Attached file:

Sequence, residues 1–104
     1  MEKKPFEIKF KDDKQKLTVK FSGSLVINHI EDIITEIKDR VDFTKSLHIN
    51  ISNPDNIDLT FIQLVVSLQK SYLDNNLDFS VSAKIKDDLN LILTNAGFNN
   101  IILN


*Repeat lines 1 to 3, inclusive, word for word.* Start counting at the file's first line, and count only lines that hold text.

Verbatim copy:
Sequence, residues 1–104
     1  MEKKPFEIKF KDDKQKLTVK FSGSLVINHI EDIITEIKDR VDFTKSLHIN
    51  ISNPDNIDLT FIQLVVSLQK SYLDNNLDFS VSAKIKDDLN LILTNAGFNN